SALEM — Oregon’s wolf population grew almost 10% during 2020, and 20 of the state’s 22 wolf packs live in the northeast corner of the state.
Those are among the statistics in the annual wolf report the Oregon Department of Fish and Wildlife released Wednesday, April 21. The report is based on wolf statistics at the end of 2020.
ODFW officials confirmed at least 173 wolves were in the state, an increase of 9.5% from the 158 wolves tallied at the end of 2019.
Those numbers are based on sightings, tracks and photographs from remote cameras, according to ODFW.
ODFW acknowledges there are likely more than 173 wolves living in the state, as not all wolves are seen, or their presence confirmed by other evidence, during the annual winter census.
Although two wolf packs and two other groups of wolves are living in the Cascade Mountains or in Central Oregon, a majority of the state’s wolves inhabit the northeast corner.
That’s been true since wolves started migrating into the state from Idaho about 20 years ago.
“While Northeast Oregon continues to host majority of state’s wolf population, dispersal to other parts of Oregon and adjacent states continues,” Roblyn Brown, ODFW’s wolf coordinator, said in a press release.
Of the minimum statewide population of 173 wolves, 151 — 87% — are in the northeast corner, including Baker, Umatilla, Union, Wallowa, Grant and Morrow counties.
That region also is home to 20 of the state’s 22 documented wolf packs, according to ODFW. The agency defines a pack as four or more wolves traveling together during winter. Pack populations ranged from four to 15 wolves.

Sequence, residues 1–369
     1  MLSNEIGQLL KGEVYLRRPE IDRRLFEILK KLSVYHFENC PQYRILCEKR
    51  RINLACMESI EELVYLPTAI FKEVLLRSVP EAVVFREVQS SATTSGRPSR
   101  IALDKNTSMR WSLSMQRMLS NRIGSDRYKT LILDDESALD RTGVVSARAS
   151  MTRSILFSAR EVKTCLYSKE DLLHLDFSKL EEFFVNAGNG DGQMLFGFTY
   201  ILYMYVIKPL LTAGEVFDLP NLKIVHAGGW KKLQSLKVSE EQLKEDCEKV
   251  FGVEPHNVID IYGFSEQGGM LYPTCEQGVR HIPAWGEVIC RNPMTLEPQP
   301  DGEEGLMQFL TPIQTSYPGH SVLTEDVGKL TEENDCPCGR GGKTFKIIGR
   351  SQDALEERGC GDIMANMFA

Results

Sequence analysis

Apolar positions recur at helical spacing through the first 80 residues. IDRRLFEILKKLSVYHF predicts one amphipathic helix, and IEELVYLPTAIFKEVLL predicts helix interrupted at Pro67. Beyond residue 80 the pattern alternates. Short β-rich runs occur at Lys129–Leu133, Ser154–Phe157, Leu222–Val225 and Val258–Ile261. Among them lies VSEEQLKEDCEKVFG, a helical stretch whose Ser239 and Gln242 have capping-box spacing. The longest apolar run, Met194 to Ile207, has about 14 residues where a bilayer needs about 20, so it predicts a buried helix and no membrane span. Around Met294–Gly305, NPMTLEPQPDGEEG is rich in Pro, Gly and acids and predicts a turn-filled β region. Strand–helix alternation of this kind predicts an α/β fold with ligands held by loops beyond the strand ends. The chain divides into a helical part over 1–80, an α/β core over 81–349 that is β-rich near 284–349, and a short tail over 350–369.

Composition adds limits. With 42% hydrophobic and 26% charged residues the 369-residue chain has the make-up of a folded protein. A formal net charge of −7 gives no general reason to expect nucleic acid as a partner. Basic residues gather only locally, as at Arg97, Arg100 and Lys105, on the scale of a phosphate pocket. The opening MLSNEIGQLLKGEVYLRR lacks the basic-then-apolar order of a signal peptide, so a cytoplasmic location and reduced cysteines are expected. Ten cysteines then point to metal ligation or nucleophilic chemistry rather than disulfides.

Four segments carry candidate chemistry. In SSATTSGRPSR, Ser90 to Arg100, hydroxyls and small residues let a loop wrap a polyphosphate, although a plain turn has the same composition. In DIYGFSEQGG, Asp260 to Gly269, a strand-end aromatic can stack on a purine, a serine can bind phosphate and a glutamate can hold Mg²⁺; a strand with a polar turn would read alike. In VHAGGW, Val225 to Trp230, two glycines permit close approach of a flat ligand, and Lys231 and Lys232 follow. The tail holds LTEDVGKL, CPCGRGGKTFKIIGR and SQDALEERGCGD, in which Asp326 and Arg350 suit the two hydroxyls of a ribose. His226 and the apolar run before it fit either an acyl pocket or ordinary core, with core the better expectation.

The three biggest packs are all in Northeast Oregon:
• Noregaard Pack, 15 wolves, including six pups born in the spring of 2020 that survived through the end of the year. This pack’s area includes parts of the northern Union, Wallowa and Umatilla counties.
• Five Points Pack, 15 wolves, including at least four pups born in the spring of 2020 that survived through the end of the year. This pack’s area includes parts of Union and Umatilla counties, north of Interstate 84.
• Clark Creek Pack, 10 wolves, including at least four pups born in the spring of 2020 that were still with the pack at the end of the year. The pack’s range includes parts of Union and Wallowa counties, mainly east of the Grande Ronde Valley.
Wolf attacks on livestock
Both reported and confirmed wolf attacks on livestock increased during 2020.
ODFW investigated 73 cases of suspect wolf attacks that ranchers reported, a 46% increase from 2019. A majority of those investigations — 51 of 73, or 70% — were in Eastern Oregon.
The number of confirmed wolf attacks rose by 94% in 2020, from 16 to 31. Slightly more than half of the confirmed depredations — 52% — were from the Rogue Pack in Southwest Oregon, which was responsible for 16 confirmed attacks.
Statewide, 42% of reported wolf attacks were confirmed, which 21% were deemed possible or unknown, and 34% were attributed to other predators or causes. Another 3% were designed as probable wolf attacks.
The percentage of confirmed attacks was lower in Eastern Oregon than statewide, however, with 15 of 51 investigations — 29% — deemed confirmed.
In 2019, there were seven confirmed wolf attacks on livestock in Eastern Oregon.